― Rick Moody, author of Ice Storm and Hotels of North America
"Book of Knives is a beautifully written, richly compelling, Jamesian novel of creeping claustrophobia and menace. Haines spins a web so intricate, and so well constructed, that you're unaware of its strands until you are completely enmeshed in it."
― Craig Russell, author of Hyde and The Devil Aspect
"In Lise Haines's subtly menacing and spooky mystery, Nora, a young widow, and her new husband, Paul, join his family at their decaying lakeside summer camp. As a collection of knives disappear from the camp one by one, other unsettling things start to happen and Nora begins to suspect a ghostly presence is haunting the lake and cabins. Beautifully written and endlessly absorbing, this is a novel to read with the covers up around your chin and a candle burning."
― Sarah Taylor Stewart, author of the Maggie D'arcy mysteries
"In Book of Knives, Lise Haines has created a believable world of terror where nothing is what it seems. Seen through the perceptive eyes of complex characters, a series of vivid scenes unfolds. One finds all one's worst fears echoed here in an increasingly suspenseful and surprising crescendo of events. Wonderfully done."
― Sheila Kohler, author of the literary thriller Open Secrets, one of Vogue's best books of 2020
"Book of Knives is an utterly absorbing, extremely suspenseful, and elegantly written literary ghost story. I was intrigued, and scared, and ultimately deeply moved by this compelling novel about family and the love that transcends death."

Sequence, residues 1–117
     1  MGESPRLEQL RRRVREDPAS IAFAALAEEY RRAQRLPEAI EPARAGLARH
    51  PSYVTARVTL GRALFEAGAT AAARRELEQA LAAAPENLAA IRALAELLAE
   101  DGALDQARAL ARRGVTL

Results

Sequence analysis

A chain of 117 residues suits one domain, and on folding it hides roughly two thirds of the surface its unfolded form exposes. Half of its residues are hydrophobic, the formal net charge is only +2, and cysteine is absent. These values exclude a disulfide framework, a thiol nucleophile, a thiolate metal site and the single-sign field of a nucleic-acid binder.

― Jessica Treadway, author of Infinite Dimensions
About the Author
Lise Haines' fifth novel, Book of Knives, will be out by Sourcebooks in 2022. Her four earlier books are When We Disappear (Unbridled Books); Girl in the Arena (Bloomsbury USA), a 2011 South Carolina Book Award Nominee, optioned by HBO; Small Acts of Sex and Electricity (Unbridled Books), named a Book Sense Pick in 2006 and one of ten “Best Book Picks for 2006” by San Diego’s NPR station; and In My Sister’s Country (Penguin/Putnam), which The Rocky Mountain News selected as one of twelve “Stellar Debuts” for 2002.
A past finalist for the PEN Nelson Algren Fiction Award, she is Senior Writer in Residence at Emerson College and a former Briggs-Copeland Lecturer at Harvard University. Her stories and essays have appeared in AGNI, Ploughshares, Post Road, Crosscurrents, The Barcelona Review, and elsewhere. Haines received her undergraduate degree from the Creative Writing program at Syracuse University and her MFA from the Bennington Writing Seminars. Santa Barbara, California was her home for many years and she currently lives in Boston near her daughter, a video game producer. Lise Haines’ parents were journalists in Chicago where she grew up. She recalls writing her first novel about a cat when she was nine, on her mother’s Olivetti typewriter on green newsroom paper. Today, on a free afternoon, you will find her writing, curled up with a novel, lost in a museum, at the movies, out in nature or exploring the city. Her favorite travels have taken her to Kyoto, Paris and Venice. WEBSITE